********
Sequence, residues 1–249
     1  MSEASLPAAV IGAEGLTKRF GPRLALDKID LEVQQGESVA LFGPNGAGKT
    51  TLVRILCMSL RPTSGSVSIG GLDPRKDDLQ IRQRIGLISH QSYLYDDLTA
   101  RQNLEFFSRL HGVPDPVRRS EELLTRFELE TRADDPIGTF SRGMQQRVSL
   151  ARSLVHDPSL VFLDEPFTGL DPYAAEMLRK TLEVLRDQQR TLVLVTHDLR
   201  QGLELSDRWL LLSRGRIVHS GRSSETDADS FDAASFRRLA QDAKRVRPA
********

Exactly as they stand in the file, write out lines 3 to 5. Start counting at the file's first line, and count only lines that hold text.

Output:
    51  TLVRILCMSL RPTSGSVSIG GLDPRKDDLQ IRQRIGLISH QSYLYDDLTA
   101  RQNLEFFSRL HGVPDPVRRS EELLTRFELE TRADDPIGTF SRGMQQRVSL
   151  ARSLVHDPSL VFLDEPFTGL DPYAAEMLRK TLEVLRDQQR TLVLVTHDLR